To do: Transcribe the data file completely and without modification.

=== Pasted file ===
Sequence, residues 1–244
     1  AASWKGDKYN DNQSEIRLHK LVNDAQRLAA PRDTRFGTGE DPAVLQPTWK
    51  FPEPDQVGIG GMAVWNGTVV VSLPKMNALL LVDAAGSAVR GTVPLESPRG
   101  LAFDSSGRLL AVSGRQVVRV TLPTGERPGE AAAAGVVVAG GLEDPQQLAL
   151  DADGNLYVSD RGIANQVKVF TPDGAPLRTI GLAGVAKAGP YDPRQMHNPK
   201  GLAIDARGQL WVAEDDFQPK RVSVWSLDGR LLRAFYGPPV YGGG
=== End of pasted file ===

Sequence, residues 1–244
     1  AASWKGDKYN DNQSEIRLHK LVNDAQRLAA PRDTRFGTGE DPAVLQPTWK
    51  FPEPDQVGIG GMAVWNGTVV VSLPKMNALL LVDAAGSAVR GTVPLESPRG
   101  LAFDSSGRLL AVSGRQVVRV TLPTGERPGE AAAAGVVVAG GLEDPQQLAL
   151  DADGNLYVSD RGIANQVKVF TPDGAPLRTI GLAGVAKAGP YDPRQMHNPK
   201  GLAIDARGQL WVAEDDFQPK RVSVWSLDGR LLRAFYGPPV YGGG